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Children's Advocacy Center to hold open house Thursday

Jason Addy
505-5437/@JasonAddyYD

The York County Children’s Advocacy Center will mark the end of its 10th year of service with an open house Thursday evening to thank its partner agencies in the region.

The open house will feature a short ceremony in which York County commissioners will hand over a ceremonial golden key to the South Queen Street building, said Deb Harrison, executive director of the nonprofit organization.

The building was purchased and renovated a decade ago through a grant from the county. Under the terms of the grant, the building would become the property of the Children’s Advocacy Center if the organization utilized the space to serve children for 10 years, Harrison said.

Mayor Kim Bracey, center, along with York County Commissioners Doug Hoke, left, and Chris Reilly, second from right, present a proclamation declaring April to be Child Abuse Awareness Month to Deborah Harrison, executive director of the York County Children's Advocacy Center on Monday. To raise awareness, pinwheel gardens have been placed at York College, Turning Point Women's Counseling and Advocacy Center, and near York Hospital.

Over the course of the past decade, Harrison said, the center’s mission has not changed much, though the caseload has almost quadrupled. The organization started with three staff members handling about 200 abuse cases for children between the ages of 3 and 13 each year, but the scope of its mission has expanded, with seven employees now handling close to 800 cases for children between 3 and 17 annually, Harrison said.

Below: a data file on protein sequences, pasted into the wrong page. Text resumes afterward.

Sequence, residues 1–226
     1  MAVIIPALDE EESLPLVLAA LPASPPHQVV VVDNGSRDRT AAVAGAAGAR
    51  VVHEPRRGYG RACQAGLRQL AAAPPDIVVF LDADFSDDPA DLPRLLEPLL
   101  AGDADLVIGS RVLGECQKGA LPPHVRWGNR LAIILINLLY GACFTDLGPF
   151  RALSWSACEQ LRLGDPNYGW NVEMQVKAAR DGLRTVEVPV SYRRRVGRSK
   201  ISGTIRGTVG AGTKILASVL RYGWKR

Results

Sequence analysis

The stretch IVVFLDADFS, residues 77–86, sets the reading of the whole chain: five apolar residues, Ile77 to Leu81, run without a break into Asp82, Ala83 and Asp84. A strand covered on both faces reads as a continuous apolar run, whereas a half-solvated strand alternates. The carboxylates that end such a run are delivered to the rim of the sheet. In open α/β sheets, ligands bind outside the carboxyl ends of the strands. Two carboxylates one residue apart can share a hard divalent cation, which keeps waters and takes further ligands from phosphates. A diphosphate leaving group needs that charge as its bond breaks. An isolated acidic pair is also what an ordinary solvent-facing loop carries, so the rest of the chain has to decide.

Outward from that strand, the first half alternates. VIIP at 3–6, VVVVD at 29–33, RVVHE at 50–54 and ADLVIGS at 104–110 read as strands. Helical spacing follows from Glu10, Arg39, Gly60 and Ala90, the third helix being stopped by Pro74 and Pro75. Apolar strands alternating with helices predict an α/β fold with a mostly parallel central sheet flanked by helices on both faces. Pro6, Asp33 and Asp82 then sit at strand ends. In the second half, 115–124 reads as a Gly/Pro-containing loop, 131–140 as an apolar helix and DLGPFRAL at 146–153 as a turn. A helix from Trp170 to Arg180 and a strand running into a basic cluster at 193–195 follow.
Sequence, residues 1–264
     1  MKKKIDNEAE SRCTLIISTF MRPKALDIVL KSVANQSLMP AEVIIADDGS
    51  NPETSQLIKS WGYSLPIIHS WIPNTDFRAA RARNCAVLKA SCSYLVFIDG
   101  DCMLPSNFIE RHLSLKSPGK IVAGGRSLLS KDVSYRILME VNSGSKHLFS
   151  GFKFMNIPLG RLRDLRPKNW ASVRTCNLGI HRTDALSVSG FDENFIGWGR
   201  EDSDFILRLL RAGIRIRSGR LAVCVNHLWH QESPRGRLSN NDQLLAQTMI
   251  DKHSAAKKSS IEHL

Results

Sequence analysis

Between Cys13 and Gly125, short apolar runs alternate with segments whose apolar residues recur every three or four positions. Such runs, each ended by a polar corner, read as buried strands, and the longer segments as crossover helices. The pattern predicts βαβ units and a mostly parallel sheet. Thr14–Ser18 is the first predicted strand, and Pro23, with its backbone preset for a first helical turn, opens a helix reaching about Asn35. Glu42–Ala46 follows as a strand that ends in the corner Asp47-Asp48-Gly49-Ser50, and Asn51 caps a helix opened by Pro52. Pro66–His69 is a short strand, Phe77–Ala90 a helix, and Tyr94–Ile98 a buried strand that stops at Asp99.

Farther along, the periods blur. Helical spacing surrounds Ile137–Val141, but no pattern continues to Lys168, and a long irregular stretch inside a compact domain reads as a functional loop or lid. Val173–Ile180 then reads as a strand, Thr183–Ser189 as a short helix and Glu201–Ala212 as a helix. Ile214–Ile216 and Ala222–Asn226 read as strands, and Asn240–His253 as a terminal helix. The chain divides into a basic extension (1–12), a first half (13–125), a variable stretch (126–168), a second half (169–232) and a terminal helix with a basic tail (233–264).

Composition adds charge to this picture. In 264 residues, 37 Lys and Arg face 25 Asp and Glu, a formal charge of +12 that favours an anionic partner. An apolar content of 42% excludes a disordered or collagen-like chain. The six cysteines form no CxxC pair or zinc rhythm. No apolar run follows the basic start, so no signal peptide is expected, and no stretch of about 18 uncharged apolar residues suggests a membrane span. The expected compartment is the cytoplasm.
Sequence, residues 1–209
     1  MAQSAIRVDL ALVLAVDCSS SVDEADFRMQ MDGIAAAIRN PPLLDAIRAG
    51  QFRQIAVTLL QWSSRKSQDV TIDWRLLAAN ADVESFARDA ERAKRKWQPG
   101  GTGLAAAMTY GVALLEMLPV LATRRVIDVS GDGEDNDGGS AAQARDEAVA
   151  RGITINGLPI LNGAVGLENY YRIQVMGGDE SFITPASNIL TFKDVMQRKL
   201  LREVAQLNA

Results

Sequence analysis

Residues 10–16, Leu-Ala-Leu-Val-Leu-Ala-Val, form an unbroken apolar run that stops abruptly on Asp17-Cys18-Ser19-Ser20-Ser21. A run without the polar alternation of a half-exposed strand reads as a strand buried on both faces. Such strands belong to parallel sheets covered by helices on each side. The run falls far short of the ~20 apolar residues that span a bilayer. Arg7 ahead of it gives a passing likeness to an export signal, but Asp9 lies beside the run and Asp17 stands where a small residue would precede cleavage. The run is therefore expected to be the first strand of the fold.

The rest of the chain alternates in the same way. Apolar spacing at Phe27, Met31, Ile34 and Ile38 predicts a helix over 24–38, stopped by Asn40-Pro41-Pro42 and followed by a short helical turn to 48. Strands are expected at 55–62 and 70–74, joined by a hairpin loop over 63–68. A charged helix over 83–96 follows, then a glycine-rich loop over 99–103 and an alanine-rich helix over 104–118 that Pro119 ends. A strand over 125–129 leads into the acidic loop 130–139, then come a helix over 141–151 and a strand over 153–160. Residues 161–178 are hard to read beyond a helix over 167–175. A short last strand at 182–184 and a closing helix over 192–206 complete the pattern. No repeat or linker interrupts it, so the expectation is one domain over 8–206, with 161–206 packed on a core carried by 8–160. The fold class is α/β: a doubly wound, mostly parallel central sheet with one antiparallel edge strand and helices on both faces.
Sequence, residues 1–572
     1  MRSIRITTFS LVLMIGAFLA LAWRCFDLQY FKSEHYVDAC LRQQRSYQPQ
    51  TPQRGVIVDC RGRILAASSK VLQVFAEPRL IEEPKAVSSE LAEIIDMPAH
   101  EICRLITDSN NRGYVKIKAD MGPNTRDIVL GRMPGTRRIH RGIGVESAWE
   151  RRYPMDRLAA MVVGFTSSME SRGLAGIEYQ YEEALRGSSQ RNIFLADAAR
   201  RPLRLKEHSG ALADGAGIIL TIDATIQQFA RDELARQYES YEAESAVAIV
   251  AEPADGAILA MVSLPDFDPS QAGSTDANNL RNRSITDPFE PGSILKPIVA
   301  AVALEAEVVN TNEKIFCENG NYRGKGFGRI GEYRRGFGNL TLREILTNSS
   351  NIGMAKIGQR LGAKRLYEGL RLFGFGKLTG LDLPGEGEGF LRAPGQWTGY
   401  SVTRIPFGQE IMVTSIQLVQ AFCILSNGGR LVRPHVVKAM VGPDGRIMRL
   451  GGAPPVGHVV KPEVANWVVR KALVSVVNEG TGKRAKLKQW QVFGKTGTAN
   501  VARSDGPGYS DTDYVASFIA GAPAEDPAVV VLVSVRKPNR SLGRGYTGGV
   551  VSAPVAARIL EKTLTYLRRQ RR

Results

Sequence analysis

At that pace, the organization’s staff and caseload might soon outgrow the building, Harrison said, noting that there have been initial discussions about sharing a location with staff from the York County Office of Children, Youth and Family, the district attorney’s office and other law-enforcement agencies.

“We feel like we could do a better service and some more efficient investigations if we could maybe put the right teams under the same roof,” Harrison said, though any co-location project would be years out.

Through a grant from Memorial Hospital, Harrison said, a group of members from the center and its partners were able to tour the Philadelphia Children’s Alliance to explore possibilities and see co-location practices in use.

With the South Queen Street building now an asset of the Children’s Advocacy Center, it could be used to help finance any potential expansion or relocation, Harrison said.

“It’s a dream right now, but we feel like our numbers and our need in York County justifies the idea,” Harrison said. “Now we just need to figure out how to make it happen.”